There are roughly one million practicing physicians in the US and less than 6 percent of those physicians are African-American. Meaning that for the 44 million black residents of the U.S., there are about 60,000 black practicing physicians. That is one black doctor for every 700 black patients. This is not to say that only African-American physicians can treat African-American patients, but distrust in healthcare institutions could potentially be alleviated by having providers be of the same ethnicity as the patient…One way to understand the causes of racial health disparities, and the role of women in health care, inside and outside of black churches, is through oral histories, such as the interviews I conducted among lower-income women from a small congregation in southeast Texas.
by Carolyn Pouncy Everyone loves to be proven right, but novelists don’t often expect it—especially five hundred years after the period where their books are set. After all, that’s half the fun of writing and reading fiction: filling in the gaps left by the historical record. So to have a set of novels that explore […]
By Paula O’Donnell Windswept litter and flaming logs on asphalt. Backlit figures swaying to handmade percussive instruments and bongos. High school seniors from Colegio Nacional huddled for warmth on the sidewalk, resting foreheads on shoulders for brief shut eye. A neighboring group of teens hoisted Argentine flags that read Movimiento Estudiantil Liberación. They danced and […]
by Christopher Rose Originally posted on Christopher Rose’s blog on April 12, 2018. I know, not the best title for my first blog entry, right? A couple of months back, I presented some of initial findings on epidemic and epizootic disease in Egypt during the first World War at a symposium. (Ok, I’ll tell you […]
Change.org, Ipetition, petitiononline — today, the digital marketplace has spurred the easy distribution of petitions. While they are significant, modern petitioning campaigns offer a different contribution to public discourse than their nineteenth-century counterparts. For women, people of color, and others who had little access to political movers and shakers, petitioning placed them a signature and […]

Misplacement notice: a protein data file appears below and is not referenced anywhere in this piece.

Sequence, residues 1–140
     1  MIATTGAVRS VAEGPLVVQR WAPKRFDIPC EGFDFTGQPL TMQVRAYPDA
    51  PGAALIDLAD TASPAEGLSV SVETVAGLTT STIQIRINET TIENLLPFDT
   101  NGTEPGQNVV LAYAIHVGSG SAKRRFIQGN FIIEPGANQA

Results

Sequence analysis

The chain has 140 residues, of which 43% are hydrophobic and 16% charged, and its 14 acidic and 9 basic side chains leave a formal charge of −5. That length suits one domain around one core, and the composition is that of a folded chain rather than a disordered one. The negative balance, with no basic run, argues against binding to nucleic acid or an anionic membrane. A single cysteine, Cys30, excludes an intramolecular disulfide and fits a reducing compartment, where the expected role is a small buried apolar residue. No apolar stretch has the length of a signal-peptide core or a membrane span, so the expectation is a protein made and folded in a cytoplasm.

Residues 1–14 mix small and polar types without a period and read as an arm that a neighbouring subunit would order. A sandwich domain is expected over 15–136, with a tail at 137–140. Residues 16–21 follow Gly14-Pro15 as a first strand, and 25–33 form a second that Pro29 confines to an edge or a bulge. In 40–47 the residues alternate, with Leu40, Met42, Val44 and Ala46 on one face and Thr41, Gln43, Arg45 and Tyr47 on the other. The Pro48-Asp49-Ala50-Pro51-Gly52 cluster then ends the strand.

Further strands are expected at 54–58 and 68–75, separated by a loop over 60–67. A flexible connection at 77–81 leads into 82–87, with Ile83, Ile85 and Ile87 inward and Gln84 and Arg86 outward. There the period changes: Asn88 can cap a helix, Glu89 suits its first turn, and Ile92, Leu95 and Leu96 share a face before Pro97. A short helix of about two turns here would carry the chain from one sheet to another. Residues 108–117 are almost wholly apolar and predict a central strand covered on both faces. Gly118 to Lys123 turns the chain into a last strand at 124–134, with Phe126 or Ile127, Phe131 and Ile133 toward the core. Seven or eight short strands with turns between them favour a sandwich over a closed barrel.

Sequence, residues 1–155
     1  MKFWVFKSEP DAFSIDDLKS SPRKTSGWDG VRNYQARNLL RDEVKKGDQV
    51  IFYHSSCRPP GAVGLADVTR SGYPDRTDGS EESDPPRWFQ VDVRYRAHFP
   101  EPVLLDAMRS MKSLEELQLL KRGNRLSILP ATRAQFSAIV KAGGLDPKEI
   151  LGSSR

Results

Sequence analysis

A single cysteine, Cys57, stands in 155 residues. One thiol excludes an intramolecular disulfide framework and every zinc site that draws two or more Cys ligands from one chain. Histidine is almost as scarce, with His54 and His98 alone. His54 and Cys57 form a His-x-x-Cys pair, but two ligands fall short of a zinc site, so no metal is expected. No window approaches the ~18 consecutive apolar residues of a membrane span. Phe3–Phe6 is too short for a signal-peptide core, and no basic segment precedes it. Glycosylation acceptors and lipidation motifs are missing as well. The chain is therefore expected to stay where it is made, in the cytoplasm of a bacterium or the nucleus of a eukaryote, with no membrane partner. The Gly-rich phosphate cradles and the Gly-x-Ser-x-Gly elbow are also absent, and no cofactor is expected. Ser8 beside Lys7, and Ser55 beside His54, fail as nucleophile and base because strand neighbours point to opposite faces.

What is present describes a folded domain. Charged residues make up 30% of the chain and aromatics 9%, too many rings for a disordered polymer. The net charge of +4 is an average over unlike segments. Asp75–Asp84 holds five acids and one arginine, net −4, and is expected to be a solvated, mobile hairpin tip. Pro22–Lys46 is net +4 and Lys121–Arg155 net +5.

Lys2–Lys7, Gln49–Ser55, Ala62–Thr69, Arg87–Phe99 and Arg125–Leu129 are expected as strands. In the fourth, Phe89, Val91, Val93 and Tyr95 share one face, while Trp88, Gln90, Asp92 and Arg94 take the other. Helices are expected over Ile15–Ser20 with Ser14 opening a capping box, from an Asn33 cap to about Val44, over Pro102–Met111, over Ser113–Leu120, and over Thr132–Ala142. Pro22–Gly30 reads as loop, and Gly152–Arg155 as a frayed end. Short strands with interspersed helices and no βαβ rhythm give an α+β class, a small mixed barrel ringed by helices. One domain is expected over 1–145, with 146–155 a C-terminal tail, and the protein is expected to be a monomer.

by Jesse Ritner I love food blogs. It’s true. The bad jokes. Exclamation marks run rampant. Mouthwatering photographs. The word chocolate, over 70 times in only 1,000 words. Unsurprisingly, my first foray into history blogs was through food. Websites such as Cooking in the Archive (which posts about antiquated recipes with pictures and all) were […]
by Christopher Rose Can the microbe speak? It’s 5:30 pm, and I’ve been staring at my computer screen for over eight hours. There’s a crick in my neck, my breathing is shallow, my blood pressure has elevated, and the entire Giza governorate has just disappeared off of the map the instant that I finished tracing […]
By Meghan Forbes In “The European Avant-Garde in Print” (REE 325), students explored the unique and vibrant print culture in Central Europe between the two world wars and the social and political context that produced it. I sought to expose students to the networked qualities of magazines that were published in Czech, Hungarian, Serbo-Croatian, Polish, […]
This short documentary film was produced by a team of 5 students in Introduction to Russian, East, European and Eurasian Studies (REE310).
By Alberto A. Martinez Before Galileo did anything in astronomy, the Italian philosopher Giordano Bruno argued that the Earth moves around the Sun. Bruno believed that the Earth is a living being, with a soul. These were unusual beliefs for a Christian. In 1592, Bruno was captured by the Inquisition in Venice and imprisoned. The next […]